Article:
“It will be the first one that I miss since I've been in the Congress,” said Lewis, who first won election to the House in 1986. “You cannot be at home with something that you feel that is wrong, is not right.”
Trump responded Saturday morning by telling Lewis to worry about his own district instead.
“Congressman John Lewis should spend more time on fixing and helping his district, which is in horrible shape and falling apart (not to mention crime infested) rather than falsely complaining about the election results. All talk, talk, talk - no action or results. Sad!” Trump wrote in a series of tweets.
Democrats rushed to condemn Trump’s attack on Lewis on social media.
Rep. Raul Grijalva (D-Ariz.) also took to the House floor a week before the inauguration to announce he’d be back in his Tucson-area district instead meeting with constituents.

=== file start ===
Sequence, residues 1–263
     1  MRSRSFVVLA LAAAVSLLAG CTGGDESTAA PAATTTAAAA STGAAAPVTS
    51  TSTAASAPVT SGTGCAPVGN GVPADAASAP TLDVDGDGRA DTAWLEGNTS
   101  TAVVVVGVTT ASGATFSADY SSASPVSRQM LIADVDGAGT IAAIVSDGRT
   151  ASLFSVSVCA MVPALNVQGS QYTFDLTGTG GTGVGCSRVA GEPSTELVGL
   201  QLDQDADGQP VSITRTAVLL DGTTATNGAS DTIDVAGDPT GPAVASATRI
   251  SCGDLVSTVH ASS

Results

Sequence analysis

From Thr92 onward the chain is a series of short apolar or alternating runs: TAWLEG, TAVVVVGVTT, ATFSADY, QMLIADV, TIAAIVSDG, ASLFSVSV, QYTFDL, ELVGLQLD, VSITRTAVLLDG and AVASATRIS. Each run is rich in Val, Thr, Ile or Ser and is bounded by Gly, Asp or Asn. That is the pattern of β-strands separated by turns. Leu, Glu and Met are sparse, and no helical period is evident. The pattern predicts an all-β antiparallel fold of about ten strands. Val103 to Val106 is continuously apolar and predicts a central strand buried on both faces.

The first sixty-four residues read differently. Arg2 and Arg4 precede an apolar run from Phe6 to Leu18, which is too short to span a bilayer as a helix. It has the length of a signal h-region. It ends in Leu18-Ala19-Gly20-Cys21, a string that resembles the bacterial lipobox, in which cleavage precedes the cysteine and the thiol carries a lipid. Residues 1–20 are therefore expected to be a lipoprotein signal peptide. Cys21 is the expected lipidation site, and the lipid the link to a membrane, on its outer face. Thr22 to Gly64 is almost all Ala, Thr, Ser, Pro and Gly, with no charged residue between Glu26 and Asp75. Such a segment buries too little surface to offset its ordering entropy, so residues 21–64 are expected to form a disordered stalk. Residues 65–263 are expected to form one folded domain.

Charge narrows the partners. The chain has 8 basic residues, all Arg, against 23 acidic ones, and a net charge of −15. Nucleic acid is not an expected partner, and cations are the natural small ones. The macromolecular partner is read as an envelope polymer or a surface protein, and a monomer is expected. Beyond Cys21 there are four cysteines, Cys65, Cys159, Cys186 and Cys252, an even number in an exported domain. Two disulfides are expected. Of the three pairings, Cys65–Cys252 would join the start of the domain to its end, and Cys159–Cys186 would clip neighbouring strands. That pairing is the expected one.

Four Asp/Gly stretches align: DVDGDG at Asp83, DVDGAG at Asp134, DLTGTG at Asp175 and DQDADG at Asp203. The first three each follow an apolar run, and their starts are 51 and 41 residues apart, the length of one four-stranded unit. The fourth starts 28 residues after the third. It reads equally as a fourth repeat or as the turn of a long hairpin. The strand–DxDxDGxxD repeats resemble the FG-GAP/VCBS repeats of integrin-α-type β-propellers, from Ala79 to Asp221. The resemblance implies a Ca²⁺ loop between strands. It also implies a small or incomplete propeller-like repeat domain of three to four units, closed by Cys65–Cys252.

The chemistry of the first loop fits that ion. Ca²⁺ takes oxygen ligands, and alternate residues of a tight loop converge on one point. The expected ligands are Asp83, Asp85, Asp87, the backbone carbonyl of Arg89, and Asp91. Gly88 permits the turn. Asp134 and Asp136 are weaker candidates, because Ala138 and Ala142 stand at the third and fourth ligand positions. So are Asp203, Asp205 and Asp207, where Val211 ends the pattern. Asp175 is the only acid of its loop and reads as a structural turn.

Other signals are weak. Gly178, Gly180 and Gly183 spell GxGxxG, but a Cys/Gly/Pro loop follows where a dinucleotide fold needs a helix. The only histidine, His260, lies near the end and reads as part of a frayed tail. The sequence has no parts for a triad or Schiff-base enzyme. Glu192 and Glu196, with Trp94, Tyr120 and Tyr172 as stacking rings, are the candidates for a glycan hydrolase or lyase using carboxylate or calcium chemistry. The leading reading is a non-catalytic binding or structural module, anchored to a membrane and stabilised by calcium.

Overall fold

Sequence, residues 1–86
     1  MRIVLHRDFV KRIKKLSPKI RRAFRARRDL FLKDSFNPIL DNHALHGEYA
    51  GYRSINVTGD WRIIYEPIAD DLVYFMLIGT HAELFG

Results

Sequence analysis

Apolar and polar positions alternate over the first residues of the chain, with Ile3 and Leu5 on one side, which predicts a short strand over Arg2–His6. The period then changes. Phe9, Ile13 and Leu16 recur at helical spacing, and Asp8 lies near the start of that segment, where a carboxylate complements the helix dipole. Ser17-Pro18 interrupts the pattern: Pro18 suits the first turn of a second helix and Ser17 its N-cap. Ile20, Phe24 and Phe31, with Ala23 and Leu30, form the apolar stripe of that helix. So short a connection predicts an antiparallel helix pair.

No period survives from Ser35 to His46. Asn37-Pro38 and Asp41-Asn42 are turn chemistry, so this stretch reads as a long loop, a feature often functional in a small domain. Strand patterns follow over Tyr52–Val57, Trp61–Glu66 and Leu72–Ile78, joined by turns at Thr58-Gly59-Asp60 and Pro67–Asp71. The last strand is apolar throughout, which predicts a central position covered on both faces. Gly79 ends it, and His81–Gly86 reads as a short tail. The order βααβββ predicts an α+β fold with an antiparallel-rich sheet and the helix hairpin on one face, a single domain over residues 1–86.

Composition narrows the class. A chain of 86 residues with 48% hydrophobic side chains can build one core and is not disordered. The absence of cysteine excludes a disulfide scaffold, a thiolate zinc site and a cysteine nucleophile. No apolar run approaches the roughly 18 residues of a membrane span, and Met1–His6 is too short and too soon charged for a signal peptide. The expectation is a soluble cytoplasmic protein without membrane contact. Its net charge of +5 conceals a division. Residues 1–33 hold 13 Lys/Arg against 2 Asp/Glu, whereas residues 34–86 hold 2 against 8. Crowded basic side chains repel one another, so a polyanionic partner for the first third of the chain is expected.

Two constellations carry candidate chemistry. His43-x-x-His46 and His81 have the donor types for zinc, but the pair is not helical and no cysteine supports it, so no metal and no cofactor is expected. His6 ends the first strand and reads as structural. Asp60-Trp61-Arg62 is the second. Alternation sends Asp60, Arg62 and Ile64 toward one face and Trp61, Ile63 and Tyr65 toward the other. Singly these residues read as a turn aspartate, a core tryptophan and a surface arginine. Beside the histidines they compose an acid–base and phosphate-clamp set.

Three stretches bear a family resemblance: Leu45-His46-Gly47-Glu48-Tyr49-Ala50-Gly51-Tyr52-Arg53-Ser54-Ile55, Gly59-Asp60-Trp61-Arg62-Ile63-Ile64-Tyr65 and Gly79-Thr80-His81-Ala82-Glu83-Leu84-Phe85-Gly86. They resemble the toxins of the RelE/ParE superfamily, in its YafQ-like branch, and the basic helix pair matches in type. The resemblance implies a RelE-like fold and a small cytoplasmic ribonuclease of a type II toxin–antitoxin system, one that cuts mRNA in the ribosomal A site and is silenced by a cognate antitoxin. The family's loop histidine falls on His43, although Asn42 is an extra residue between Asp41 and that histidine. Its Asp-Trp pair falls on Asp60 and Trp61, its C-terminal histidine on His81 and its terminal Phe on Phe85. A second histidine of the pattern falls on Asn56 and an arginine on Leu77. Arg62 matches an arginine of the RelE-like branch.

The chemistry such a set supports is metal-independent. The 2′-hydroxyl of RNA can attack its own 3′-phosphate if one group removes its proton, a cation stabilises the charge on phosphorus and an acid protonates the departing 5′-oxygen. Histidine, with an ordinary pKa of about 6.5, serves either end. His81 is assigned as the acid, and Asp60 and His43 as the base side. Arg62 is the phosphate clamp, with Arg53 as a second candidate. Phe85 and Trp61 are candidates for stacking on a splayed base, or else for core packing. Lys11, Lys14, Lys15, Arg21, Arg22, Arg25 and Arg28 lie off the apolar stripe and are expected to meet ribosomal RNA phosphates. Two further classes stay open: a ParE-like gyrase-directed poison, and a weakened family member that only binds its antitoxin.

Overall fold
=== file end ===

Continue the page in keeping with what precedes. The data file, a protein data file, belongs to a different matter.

“My absence is not motivated by disrespect for the office or motivated by disrespect for the government that we have in this great democracy. But as an individual act, yes, of defiance, at the disrespect shown to millions and millions of Americans by this incoming administration and by the actions we are taking in this Congress,” Grijalva said.
Democratic Reps. Jared Huffman (Calif.), Katherine Clark (Mass.), Barbara Lee (Calif.) Mark DeSaulnier (Calif.), Lacy Clay (Mo.), Kurt Schrader (Ore.) and Earl BlumenauerEarl BlumenauerFearing crackdown, marijuana advocates turn to Congress House Democrat introduces bill to amend presidential removal procedures Marijuana legalization grows closer with Senate tax proposal MORE (Ore.) also announced boycotts by issuing statements or speaking to media outlets.